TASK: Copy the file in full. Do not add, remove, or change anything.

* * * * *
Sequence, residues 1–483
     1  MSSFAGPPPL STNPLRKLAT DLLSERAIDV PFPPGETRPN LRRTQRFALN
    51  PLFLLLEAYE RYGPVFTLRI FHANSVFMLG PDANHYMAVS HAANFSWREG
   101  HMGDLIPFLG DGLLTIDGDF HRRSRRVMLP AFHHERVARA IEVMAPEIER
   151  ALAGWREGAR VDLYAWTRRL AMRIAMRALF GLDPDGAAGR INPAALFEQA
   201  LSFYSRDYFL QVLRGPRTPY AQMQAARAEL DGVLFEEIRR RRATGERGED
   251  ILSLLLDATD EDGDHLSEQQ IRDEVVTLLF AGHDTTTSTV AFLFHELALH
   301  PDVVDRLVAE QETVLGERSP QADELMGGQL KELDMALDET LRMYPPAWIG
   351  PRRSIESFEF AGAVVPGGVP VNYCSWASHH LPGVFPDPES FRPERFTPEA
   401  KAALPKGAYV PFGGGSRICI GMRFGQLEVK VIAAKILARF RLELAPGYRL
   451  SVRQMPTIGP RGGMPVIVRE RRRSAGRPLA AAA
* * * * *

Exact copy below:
Sequence, residues 1–483
     1  MSSFAGPPPL STNPLRKLAT DLLSERAIDV PFPPGETRPN LRRTQRFALN
    51  PLFLLLEAYE RYGPVFTLRI FHANSVFMLG PDANHYMAVS HAANFSWREG
   101  HMGDLIPFLG DGLLTIDGDF HRRSRRVMLP AFHHERVARA IEVMAPEIER
   151  ALAGWREGAR VDLYAWTRRL AMRIAMRALF GLDPDGAAGR INPAALFEQA
   201  LSFYSRDYFL QVLRGPRTPY AQMQAARAEL DGVLFEEIRR RRATGERGED
   251  ILSLLLDATD EDGDHLSEQQ IRDEVVTLLF AGHDTTTSTV AFLFHELALH
   301  PDVVDRLVAE QETVLGERSP QADELMGGQL KELDMALDET LRMYPPAWIG
   351  PRRSIESFEF AGAVVPGGVP VNYCSWASHH LPGVFPDPES FRPERFTPEA
   401  KAALPKGAYV PFGGGSRICI GMRFGQLEVK VIAAKILARF RLELAPGYRL
   451  SVRQMPTIGP RGGMPVIVRE RRRSAGRPLA AAA